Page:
Then, there’s the “enthusiasm gap” which elections expert Amy Walter sees as a possible preview of that cautiously-predicted “blue wave” (Wall Street Journal, “Is Trump Creating New Republicans?” September 21, 2018). Yes, Republicans are about as charged up now as they were in the 2010 Tea Party surge, and the party’s 47% national favorability rating is as high as it has been in seven years.  A review of polling on races from California to Florida suggest that in terms of support level and turnout, Latino voters are no sure bet to help Dems.

But Nate Silver looks at special elections during the Trump reign as a barometer of “the sort of turnout one might expect in this year’s midterms.” It led one respected political handicapper to suggest an “herbal tea party” this cycle.

And while tea is unlikely to be featured at any collegiate football tailgates this fall – or any fall for that matter –sip on this with your Jack and Coke:  Senator Mike Espy?  Yeah, yeah, even the Cook Political Report has both Mississippi senate seats in decidedly Republican columns.  But there’s a possible path for the former Clinton cabinet secretary in a runoff the Tuesday after Thanksgiving with Sen. Hyde-Smith in which the Chris McDaniel anti-Republican establishment stays home or delivers a revenge vote for the Democrat.

That doesn’t leave much time to digest turkey and pumpkin pie if flesh needs to be pressed.  And what might draw some national party names to the Magnolia State that holiday weekend? The Ole’ Miss-Mississippi State showdown is Black Friday.  At this writing both teams have identical 3-1 records.    

Labor Rocked in Little Rhody?

On the heels of Missouri’s astounding beatdown of its right-to-work law earlier this month, organized labor faces a formidable challenge in Rhode Island’s public union-disaffiliation campaign, an offshoot of the SCOTUS ruling in June, citing First Amendment grounds, that non-union workers cannot be compelled to pay dues to the labor group organized at their workplace. 

In the Show Me state unions pumped five times the $3 million-plus spent by anti-labor groups for a do-over of the 2017 law giving private-sector workers the OK to forego paycheck deduction to the union.

When Missourians crushed the legislation August 7 by a two-to-one margin it marked the first time voters in any state had tossed out right-to-work.  Though 120,0o0 signatures were required to place repeal on the ballot, 300,000 were collected.  In the campaign to prevail, pro-union canvassers hit a half-million doors, according to AFL-CIO boss Rich Trumka.  It was a sweet reward for the union president marking a half-century in the labor movement.  A week before the vote he confidently predicted victory.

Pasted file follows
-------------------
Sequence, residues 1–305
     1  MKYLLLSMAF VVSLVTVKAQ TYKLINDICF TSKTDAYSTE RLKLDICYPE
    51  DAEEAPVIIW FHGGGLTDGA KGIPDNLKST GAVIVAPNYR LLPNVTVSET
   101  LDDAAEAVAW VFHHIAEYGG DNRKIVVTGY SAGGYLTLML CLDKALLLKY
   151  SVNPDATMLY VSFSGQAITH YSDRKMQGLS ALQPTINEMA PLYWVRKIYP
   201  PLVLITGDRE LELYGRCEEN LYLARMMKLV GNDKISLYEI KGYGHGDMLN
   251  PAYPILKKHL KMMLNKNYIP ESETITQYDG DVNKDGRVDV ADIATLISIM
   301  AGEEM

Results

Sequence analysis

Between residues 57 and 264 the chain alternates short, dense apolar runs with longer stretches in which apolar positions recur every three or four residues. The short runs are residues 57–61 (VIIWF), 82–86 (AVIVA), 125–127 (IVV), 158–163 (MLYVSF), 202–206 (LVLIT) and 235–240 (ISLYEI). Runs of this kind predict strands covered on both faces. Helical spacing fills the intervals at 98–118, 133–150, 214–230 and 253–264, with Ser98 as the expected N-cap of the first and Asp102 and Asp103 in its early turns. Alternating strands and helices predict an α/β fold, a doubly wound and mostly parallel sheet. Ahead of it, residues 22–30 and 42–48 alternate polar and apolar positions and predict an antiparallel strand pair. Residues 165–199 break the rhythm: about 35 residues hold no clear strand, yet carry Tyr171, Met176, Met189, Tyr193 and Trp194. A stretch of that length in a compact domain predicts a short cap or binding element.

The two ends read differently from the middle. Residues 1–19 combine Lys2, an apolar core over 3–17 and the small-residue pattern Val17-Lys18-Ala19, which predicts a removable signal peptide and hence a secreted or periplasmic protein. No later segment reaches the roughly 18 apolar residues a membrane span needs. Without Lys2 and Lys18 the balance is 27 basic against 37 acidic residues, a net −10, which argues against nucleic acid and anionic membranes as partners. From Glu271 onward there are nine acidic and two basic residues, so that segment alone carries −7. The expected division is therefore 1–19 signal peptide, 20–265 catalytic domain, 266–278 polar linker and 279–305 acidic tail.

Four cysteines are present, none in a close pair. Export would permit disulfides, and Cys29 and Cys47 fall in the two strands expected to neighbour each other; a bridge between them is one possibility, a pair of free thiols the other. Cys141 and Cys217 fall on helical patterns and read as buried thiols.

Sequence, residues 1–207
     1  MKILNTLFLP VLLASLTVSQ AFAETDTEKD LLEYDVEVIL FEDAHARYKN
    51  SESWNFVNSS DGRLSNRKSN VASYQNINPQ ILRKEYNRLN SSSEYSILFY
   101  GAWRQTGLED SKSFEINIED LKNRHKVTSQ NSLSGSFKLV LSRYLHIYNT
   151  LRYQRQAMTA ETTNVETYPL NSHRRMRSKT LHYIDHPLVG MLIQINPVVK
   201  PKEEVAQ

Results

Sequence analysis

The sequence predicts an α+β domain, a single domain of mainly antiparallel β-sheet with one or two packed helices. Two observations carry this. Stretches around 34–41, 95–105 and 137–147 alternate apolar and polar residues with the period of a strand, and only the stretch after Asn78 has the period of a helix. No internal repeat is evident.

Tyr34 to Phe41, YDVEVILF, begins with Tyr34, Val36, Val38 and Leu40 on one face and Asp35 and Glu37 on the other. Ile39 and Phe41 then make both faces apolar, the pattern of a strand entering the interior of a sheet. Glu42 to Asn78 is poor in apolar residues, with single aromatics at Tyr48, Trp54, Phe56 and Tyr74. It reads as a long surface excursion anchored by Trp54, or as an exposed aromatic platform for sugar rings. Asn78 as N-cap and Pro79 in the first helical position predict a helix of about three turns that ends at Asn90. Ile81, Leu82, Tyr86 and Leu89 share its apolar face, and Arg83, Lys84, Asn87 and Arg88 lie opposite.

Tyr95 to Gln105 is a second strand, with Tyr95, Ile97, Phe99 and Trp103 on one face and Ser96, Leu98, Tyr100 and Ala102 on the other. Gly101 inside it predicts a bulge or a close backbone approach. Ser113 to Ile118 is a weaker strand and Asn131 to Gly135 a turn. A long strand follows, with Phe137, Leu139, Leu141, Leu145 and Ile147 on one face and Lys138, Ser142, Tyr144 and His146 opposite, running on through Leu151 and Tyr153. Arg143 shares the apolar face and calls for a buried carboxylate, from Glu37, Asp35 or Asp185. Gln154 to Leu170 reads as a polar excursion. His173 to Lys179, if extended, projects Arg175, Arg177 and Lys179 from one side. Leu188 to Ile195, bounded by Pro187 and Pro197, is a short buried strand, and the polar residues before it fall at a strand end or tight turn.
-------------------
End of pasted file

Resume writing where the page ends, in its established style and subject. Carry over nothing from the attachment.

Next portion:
Keep in mind fewer than one in ten Missouri households are union.  Only three of the state’s counties supported the top of the Democratic ticket in 2016.  Still, 100 of 115 counties voted to scrap right-to-work. 

But duplicating that labor movement success in New England may be formidable.  A $10 million campaign was launched this past week with mysterious funding to stop Rhode Island from deducting from the paychecks of non-union public sector workers, including teachers, almost the equivalent of union dues. 

State teachers’ union chief Robert Walsh is fighting the “extreme right wing dark money” behind the anti-labor push.  Governor Gina Raimondo, who herself is trying to land another term this fall, says through her spokesman that “the Koch Brothers and their allies” are behind the union disaffiliation effort. 

The governor has directed her administration to protect the privacy of public employees by making their postal and online contact information inaccessible.  How dare she, proclaims Mike Stenhouse, who heads the Rhode Island Center for Freedom and Prosperity, of the edict issued to coincide with National Employee Freedom Week (August 19 -25), an observance to mark this summer’s High Court decision undoing the longstanding workplace payroll rules.

Stenhouse says while virtually every dollar raised for his Center comes from “local private sources” he is intent on keeping it private.  We’ll be watching to see if a Missouri miracle can be duplicated in the Ocean State.

“Gathering of the Elders (and not so Elders)”

Three generations of political operatives gathered at The Hawthorn Group’s annual “Gathering of the Elders (and not so Elders)” dinner at Equinox in Washington, D.C. Thursday night.

Veteran prognosticator Charlie Cook (“The Cook Report” and “National Journal”) shared his current assessment on the outcome of November races, an in-depth analysis of the Democratic “wave” and the Republican “seawall.” As of NOW, Cook said he give the Democrats better than a 50-50 chance of WINNING the HOUSE, but has the Republicans at 65% of KEEPING the SENATE.

Former Mississippi Governor and RNC Chair Haley Barbour shared his “outside the Beltway” view of voters, including their struggles as localized recessions resist the “coastal” recovery. Talking about the political “revolt” of Middle America, Governor Barbour said, “In a lot of smaller cities and towns between the coasts, it’s hard to tell the difference between the last recession and the current recovery. Stores are closed. Good jobs are gone.

Crisis Preparedness: Eight Lessons Learned

Every situation and every client is unique, but there are some basic Crisis Management lessons we have learned over the years:

  1. Everything will become public. Staying under the radar is not an option.
  2. Issues move through organizations/communities/globe in an instant.
  3. The volatility of the political and economic environment has magnified the severity and importance of everyday business issues.
  4. Public trust of business is at an all-time low, and critics will use your problems to their advantage.
  5. You cannot isolate an operating incident. A crisis will impact the entire corporate entity.
  6. Organizations must react quickly and authoritatively, which requires advance preparation and on-going training and practice.
  7. Decisive action mitigates the severity (and longevity) of an event.
  8. Protecting corporate reputation and management credibility are vital to survivability.

The key factors that distinguish those companies that avoid, mitigate and manage crisis successfully from those that don’t: a preparedness culture; a corporate-wide approach to Issues Management; and frequency of training.

Larry Walsh

Co-Chair